Newly named women’s gymnastics coach Aaron Murphy did not have a typical birthday celebration this year. He did not receive a typical birthday gift, either.
On Sept. 22, Murphy picked up the phone, not to receive another happy birthday wish, but to receive news that he had been named the Owls’ coach.
The promotion came after spending the last four seasons as an assistant coach to former Owls coach Ken Anderson, who left the program after a 20-year tenure. Prior to his time with the women’s squad, Murphy spent the 2001-02 season as an assistant
coach for the Temple men’s team.
In what will be his first year at the helm, Murphy understands there will be some adjusting to the responsibilities that come along with being coach.
“In the gym, the responsibilities are the same,” Murphy said. “However, it is outside the gym where I find the biggest differences.”
I am involved in a lot more paperwork and have a greater amount of responsibilities in those areas. These past couple weeks have really given me a taste of what coach Anderson went through for all those years.”
However, Murphy attributes an easier transition to the role of head coach primarily because of his familiarity with the university. That familiarity stems from being a four-year letter winner for the men’s gymnastics team from 1997 to 2001. He served as team captain his senior season.
“Being here as an alum and as a former assistant coach has made it a heck of a lot easier,” Murphy said. “I think if I had gone to another school to be a head coach, the adjustments would have been a lot tougher.”
A change at the top will undoubtedly
bring changes for the program as a whole as well. Since taking over, Murphy
said he has already implemented a twice-weekly morning workout sessions to the team’s training regimen.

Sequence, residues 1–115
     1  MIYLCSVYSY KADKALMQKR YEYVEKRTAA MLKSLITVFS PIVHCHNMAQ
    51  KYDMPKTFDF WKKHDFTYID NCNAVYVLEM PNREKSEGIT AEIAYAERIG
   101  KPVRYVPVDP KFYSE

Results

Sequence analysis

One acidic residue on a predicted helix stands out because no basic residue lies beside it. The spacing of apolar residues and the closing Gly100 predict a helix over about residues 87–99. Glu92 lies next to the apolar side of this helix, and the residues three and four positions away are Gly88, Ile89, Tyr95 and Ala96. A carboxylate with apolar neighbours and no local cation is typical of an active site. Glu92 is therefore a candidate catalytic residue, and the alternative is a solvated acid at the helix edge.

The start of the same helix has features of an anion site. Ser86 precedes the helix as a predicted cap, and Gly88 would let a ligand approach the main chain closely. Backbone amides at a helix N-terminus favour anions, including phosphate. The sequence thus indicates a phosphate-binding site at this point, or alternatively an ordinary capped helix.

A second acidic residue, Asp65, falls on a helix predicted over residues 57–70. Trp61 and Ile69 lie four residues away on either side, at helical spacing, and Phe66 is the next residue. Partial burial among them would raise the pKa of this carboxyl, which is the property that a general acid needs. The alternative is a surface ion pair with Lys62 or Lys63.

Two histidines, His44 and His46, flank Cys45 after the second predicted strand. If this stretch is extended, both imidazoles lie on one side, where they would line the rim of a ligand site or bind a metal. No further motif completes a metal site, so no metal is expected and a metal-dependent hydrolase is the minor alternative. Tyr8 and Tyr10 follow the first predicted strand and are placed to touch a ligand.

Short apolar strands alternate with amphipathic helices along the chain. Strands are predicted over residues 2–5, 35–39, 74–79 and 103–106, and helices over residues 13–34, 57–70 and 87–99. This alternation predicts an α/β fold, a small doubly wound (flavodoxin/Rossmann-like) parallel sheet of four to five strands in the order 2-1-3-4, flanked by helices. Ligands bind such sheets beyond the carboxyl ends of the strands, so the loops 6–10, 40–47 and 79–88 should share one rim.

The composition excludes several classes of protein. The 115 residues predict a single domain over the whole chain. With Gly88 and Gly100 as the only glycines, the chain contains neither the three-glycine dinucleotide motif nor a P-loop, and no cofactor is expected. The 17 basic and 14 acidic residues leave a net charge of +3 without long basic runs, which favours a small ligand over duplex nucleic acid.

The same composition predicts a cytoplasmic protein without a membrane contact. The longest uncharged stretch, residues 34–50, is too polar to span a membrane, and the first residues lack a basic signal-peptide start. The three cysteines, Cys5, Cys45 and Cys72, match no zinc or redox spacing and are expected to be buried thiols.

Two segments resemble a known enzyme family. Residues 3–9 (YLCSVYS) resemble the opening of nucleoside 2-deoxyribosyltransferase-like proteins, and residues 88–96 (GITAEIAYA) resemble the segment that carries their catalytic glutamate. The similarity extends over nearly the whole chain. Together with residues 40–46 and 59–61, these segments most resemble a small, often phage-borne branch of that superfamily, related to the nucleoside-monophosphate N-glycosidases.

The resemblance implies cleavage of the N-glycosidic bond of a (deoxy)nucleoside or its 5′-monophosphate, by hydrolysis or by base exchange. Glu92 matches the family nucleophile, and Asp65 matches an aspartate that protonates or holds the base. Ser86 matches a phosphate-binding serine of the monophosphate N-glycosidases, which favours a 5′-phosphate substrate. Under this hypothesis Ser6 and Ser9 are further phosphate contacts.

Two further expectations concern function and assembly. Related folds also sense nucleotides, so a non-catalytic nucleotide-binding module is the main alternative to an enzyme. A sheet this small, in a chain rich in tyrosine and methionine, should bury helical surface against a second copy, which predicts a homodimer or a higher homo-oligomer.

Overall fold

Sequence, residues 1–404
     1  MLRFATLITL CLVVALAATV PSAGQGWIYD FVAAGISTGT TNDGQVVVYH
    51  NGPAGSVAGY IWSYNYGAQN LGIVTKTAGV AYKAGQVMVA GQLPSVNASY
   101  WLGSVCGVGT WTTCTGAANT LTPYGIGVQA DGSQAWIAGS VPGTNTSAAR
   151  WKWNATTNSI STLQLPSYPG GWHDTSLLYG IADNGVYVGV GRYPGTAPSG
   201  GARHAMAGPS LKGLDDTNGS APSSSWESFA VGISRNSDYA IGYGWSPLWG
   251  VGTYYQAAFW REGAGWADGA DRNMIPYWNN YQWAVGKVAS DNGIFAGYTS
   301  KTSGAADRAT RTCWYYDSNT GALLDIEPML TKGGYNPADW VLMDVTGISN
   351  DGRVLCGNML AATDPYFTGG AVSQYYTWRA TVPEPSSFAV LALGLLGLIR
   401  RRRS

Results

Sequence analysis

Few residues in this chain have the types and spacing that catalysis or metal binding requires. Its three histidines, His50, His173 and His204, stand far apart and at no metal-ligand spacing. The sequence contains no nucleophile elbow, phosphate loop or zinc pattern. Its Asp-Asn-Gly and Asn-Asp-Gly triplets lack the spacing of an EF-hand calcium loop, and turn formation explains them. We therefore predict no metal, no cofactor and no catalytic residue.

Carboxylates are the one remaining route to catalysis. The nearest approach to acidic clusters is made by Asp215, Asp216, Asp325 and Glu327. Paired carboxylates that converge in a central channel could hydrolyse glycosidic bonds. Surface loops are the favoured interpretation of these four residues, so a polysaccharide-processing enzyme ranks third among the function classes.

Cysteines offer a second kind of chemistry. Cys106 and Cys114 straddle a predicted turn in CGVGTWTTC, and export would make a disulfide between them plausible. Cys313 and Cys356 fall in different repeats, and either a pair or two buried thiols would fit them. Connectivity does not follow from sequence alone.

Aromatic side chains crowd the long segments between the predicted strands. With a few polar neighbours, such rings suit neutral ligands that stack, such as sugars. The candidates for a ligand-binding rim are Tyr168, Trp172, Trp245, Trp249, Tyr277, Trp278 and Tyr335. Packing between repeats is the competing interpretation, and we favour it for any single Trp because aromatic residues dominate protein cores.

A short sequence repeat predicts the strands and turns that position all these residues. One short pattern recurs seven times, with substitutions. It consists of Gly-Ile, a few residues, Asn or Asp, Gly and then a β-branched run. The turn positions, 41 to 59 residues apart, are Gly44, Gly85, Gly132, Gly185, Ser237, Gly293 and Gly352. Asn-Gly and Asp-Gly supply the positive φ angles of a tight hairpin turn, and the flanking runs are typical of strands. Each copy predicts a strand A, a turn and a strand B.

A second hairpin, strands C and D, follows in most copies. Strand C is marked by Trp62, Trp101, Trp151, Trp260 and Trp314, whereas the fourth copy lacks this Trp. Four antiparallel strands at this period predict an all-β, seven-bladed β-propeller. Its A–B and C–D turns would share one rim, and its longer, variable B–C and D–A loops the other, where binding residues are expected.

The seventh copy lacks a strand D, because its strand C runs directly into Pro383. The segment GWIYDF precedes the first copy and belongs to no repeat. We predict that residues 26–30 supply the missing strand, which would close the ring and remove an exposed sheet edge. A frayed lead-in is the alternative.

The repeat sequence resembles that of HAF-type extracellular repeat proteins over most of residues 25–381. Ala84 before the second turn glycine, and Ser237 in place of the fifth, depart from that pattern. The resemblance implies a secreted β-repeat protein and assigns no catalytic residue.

Murphy is also altering the squad’s travel policy. NCAA rules state that only 15 competitors are allowed to be deemed active for team competition although the roster may consist of more athletes. In this case, the Owls fit into that category.
Therefore when the Owls hit the road this season, they will only take 15 performers.
“In past years the entire team would travel,” Murphy said. “Now I’m going to make it so that only the 15 competitors travel. I feel it will make the team strive for excellence in the gym and then in turn that will carry over to the actual competition.”
Murphy said he feels raising the level of inner-squad competition will have a lasting impact on the achievement of the team’s short-term and long-term goals.
The new coach has set some lofty expectations for his team this season as well as in years to come.
“Our conference, the Eastern College Athletic Conference, is the largest conference in the country with nine teams,” Murphy said. “We are going to shoot to finish in the top three this year and go to the postseason.”
The lofty expectations are not limited to Murphy himself. Temple University Athletic Director Bill Bradshaw expressed similar sentiments.
“Aaron is the perfect person to take over the Temple women’s gymnastics program,” Bradshaw said.
“I definitely take it as a compliment coming from the Athletic Director himself,” Murphy said. “I feel great knowing that he is behind me and has high hopes for me and the program.” One common goal held by every team is to qualify individual team members to the CAA Regionals. Murphy aspires to take it all the way.
“Long term wise, hopefully one year we can qualify the entire team to regionals,” added Murphy. “I’m going to give it my all to show people what I can do for this school. I want to show the people of this university that women’s gymnastics is going to strive for excellence and success”.
Mike Fiscus can be reached at firstname.lastname@example.org.